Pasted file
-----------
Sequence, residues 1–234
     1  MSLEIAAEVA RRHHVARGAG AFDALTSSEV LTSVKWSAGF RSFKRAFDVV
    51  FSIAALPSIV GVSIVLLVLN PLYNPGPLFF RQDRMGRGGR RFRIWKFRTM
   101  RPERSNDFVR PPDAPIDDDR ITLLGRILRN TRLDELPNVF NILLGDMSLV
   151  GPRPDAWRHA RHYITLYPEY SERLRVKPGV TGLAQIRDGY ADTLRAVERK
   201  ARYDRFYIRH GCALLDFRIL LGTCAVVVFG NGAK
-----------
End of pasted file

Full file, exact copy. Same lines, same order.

Sequence, residues 1–234
     1  MSLEIAAEVA RRHHVARGAG AFDALTSSEV LTSVKWSAGF RSFKRAFDVV
    51  FSIAALPSIV GVSIVLLVLN PLYNPGPLFF RQDRMGRGGR RFRIWKFRTM
   101  RPERSNDFVR PPDAPIDDDR ITLLGRILRN TRLDELPNVF NILLGDMSLV
   151  GPRPDAWRHA RHYITLYPEY SERLRVKPGV TGLAQIRDGY ADTLRAVERK
   201  ARYDRFYIRH GCALLDFRIL LGTCAVVVFG NGAK